I wonder if, subconsciously, I'm letting my night terrors affect my day-person. I know it works in reverse: I would wake up, unable to keep my lungs or heart from sinking, when my day-heart was breaking. Or are they one in the same? Is that why I'm so afraid of them?
April's love letters being so tremendously delayed speaks volumes. Still far from the showers and the flowers, I am a mass of extremes---sorry/grateful, regretful/happy, (more on this soon). As I type belated love notes, a Ring-Pop on my ring-finger, I am reminded to think whimsy. Of all the reasons-I-have-to-be-happy-in-spite-of. Of all the happy-is-what-happy-does. Of all the hyphenated happiness.
Dear Spring Break,
A breath of fresh air and extra doses of laughter. I had forgotten what it felt like when the weight was off my shoulders.
You were a doozy: after days of making videos, I don't think I've ever laughed so frustratedly or grimaced so joyously.
You were a good idea.
I was overzealous and bought the whole thing. Thank you for not laughing at me as I spent all day asking you to cook faster. Thank you for letting me keep my Passover-Points.
Dear Park Slope,
You're a whole other world. Thank you for pie and adventures.
You remind me of all the reasons I want to be a dreamer, even when times are hard.
I don't really like adulting with you. But I can. And that's pretty cool.
I am the luckiest. You remind me how to smile, when the world feels too heavy.
Dear New York,
I love comfy pants and giant sweaters with you.
(you're the) One.
Dear Poem in Your Pocket Day,
"I said to the sun/tell me about the Big Bang./ The sun said "it hurts to become."/I carry that hurt on the tip of my tongue."
Dear Chocolate Lab,
Will you be my puppy?
Dear Lit Mag,
I'm proud of you.
I was an open palm; a heartbeat; pride personified. The bigger your twirls, your smiles, your voices--you are why I do this. You are all it's for.
You will be in this bun until you grow. I don't hate you...I just need to get past this length, so we can be happy again.
Dear Cooking Shows,
You inspire me to buy fancy cooking gear and aspire to beating cute children with my culinary skills.
I forget how delicious you are, until you hug my thighs. Can't wait to taste you back in Texas.
Dear April Showers,
You're early. Like Orpheus--and I, Eurydice, have desperately been seeking warmth.
Too many days and you have accomplished nothing. Mostly happy to report this, seeing as you have nothing redeemable to accomplish.
So much pride. You are a world I am happy to live in.
Dear Reading Apps,
You brought me considerable joy. For a moment, all of life's problems felt so easy a caveman could do it. Wish your monotonous voice was a little more literate.
Dear Chocolate Cupcake,
I'm obsessed with your itty-bitty torsos and toothless grandpa smiles. Your tiny hands and saucer eyes. I hope the air is breathable and the people are kinder when you are old enough to walk on your own two feet.
Tell me more about "tomorrow."
Dear Graduation Application,
You're real. I'm almost master of something.
When it rains, it pours. Good is subjective. Happy is a choice.
Dear Joshua Radin,
You sing pretty lullabys.
I am learning that I cannot make you happy.
Dear Spring Break,
Dear Last Night,
Some day, all of the thoughts that keep you up at night, all of the words that make you cry, all of the reasons you don't want to get out of bed...they won't be what you remember.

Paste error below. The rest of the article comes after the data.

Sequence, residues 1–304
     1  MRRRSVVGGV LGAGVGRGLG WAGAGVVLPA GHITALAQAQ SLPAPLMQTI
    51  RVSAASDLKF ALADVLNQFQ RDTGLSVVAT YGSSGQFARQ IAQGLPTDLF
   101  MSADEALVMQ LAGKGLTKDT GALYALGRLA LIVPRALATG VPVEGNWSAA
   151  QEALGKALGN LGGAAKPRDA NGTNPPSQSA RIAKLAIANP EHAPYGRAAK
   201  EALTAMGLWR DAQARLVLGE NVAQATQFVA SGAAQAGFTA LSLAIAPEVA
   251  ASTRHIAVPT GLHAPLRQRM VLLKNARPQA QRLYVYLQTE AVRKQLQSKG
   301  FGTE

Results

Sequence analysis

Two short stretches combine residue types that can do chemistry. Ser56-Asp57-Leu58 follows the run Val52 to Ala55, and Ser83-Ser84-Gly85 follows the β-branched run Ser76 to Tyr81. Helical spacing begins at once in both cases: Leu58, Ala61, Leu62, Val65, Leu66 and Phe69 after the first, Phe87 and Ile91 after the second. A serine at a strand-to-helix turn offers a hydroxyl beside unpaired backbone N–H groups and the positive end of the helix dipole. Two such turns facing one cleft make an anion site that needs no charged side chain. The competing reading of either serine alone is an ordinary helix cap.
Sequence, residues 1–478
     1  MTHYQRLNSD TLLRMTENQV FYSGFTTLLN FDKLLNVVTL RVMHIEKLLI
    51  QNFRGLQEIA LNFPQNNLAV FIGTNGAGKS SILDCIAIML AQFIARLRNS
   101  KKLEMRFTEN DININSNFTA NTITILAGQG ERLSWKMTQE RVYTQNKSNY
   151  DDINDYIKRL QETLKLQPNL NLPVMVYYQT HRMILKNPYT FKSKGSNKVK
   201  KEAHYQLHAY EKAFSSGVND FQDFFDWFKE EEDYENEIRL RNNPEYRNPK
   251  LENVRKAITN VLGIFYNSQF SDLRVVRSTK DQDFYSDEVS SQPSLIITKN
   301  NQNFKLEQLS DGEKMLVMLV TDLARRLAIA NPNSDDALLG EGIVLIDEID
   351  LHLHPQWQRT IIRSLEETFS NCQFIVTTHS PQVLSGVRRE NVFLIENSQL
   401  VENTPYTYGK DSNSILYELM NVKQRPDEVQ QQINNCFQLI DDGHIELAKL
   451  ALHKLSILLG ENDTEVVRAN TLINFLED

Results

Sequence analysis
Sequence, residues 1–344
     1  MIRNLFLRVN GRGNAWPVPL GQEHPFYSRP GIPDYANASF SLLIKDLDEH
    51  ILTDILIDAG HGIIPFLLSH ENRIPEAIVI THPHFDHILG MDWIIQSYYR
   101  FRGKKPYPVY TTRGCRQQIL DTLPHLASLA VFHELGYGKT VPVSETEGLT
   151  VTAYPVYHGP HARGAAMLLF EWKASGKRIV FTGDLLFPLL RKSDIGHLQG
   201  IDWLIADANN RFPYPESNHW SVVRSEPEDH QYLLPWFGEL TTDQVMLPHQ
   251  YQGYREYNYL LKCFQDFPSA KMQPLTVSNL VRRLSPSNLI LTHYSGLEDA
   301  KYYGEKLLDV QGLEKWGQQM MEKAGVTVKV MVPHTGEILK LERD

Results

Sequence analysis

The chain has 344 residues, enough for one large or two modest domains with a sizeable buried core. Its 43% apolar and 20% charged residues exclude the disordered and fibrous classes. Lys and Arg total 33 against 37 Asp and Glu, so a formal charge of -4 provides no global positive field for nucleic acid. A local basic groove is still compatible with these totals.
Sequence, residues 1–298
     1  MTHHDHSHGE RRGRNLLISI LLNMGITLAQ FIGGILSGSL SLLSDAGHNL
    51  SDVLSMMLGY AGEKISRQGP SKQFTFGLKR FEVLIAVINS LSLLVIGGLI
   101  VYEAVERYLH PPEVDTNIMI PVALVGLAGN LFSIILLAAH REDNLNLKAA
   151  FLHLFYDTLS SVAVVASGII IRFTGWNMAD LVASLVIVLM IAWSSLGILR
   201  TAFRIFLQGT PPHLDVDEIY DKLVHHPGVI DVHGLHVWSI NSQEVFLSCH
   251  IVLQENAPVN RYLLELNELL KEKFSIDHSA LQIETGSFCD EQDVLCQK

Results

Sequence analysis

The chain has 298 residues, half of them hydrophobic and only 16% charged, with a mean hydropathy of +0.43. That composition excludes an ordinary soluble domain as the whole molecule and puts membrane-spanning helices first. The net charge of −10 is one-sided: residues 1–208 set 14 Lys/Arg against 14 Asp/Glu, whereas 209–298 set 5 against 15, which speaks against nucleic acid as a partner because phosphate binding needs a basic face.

Dear Future Me,
Be kinder to you. Learn to let things go.
When I don't consider how the globe is warming, or what future of melting ice caps looks like, I am so thankful for the sweater weather. I could use one more really pretty snow, if it isn't too much to ask...but I shouldn't be so greedy.
Dear off-white chunky knit (with the stain on the arm),
I am warmed by your history. I feel lucky to swim in you.
You've reflected some pretty excellent images and you make me look cool. You're not so bad yourself.
You make the Hallmark side of cards jealous. Let's walk 'til our shoes turn brown.
Dear West Coast,
You look so very welcoming.
Dear Driving Lessons,
Parallel parking is a b----. But I don't mind learning how to get places faster.
Dear Rainbow Bagels,
I will not consume you for fear of rainbow insides but you're magical and more exciting than the bagels I usually order.
Dear Late Night Writing Sessions,
Thank you for the belly laughs, productivity, and the warmth in my belly.
You're the best thing about our president. And Kate McKinnon, you are better at being everyone than everyone.
Dear This is Us,
Dear Mid-Winter Break,
I took a breath.
January has always seemed particularly grey. But this time, in spite of the looming presidency, the bitter cold, the fire alarm that keeps going off-- I keep finding the sunshine.
You were a good idea.
Dear Sushi Guy,
I like your hat (but you look better in it than I do).
You're wonderfully magic from the window but even more fun in Prospect Park with cider and your very own unicorn.
Dear Tiny Children,
When you play "Come Together" and the bass is bigger than your body, I think I know what I want to be when I grow up!
Dear Barack Obama,
Thank you for your service--for your kindness, for your honesty, for your heart. I will miss you indefinitely.
You locked yourself. How could you? I thought we knew each other better than that.
Dear Baby Goats,
I am grateful for you.
Dear Words With Friends,
Gimme that triple word score!
Dear Lunar New Year,
My mama's a rooster. It's gonna be a good year (can't wait to celebrate you)!
Dear Banana Bread,
You are delicious and I am too gluttonous for you.
Dear Moving Parts,
Please keep going.
Stop. Collaborate and listen.
Please come faster.
Proud to be your Lava Girl.
December has been a relatively tumultuous month. I have never before missed work or been so sick I needed to. I have never spent back-to-back nights in adjacent ER beds or had the distinct knowlegde of IV needles to be able to discuss in great detail my favorite ways to be administered IV fluids. I have never had to bail on a workshop for a show about Christmas or put myself first in any tremendous way. And now I have a collection of out-patient bracelets to rival Carrie Bradshaw's designer duds. But I'm finding more and more to love about the little month that keeps trying to beat me up.